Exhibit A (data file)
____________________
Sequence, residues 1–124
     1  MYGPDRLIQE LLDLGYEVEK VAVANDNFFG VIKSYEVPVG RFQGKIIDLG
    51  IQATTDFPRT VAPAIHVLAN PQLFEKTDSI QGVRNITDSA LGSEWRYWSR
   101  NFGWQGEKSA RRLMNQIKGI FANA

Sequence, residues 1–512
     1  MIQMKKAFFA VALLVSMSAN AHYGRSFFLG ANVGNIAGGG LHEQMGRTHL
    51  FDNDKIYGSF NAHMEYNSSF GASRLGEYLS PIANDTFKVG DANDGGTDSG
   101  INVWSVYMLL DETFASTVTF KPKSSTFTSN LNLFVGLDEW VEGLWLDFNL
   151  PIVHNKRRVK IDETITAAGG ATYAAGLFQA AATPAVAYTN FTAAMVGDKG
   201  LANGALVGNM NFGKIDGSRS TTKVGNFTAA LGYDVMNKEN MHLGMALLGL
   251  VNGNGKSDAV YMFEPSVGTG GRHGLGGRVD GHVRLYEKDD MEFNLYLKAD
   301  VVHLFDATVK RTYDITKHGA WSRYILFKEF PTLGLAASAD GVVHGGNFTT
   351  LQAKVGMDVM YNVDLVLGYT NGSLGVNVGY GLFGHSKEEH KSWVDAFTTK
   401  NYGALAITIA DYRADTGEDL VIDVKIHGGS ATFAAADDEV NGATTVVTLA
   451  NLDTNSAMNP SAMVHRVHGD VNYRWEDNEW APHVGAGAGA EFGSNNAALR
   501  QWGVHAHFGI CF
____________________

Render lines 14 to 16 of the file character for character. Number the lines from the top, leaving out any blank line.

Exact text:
   401  NYGALAITIA DYRADTGEDL VIDVKIHGGS ATFAAADDEV NGATTVVTLA
   451  NLDTNSAMNP SAMVHRVHGD VNYRWEDNEW APHVGAGAGA EFGSNNAALR
   501  QWGVHAHFGI CF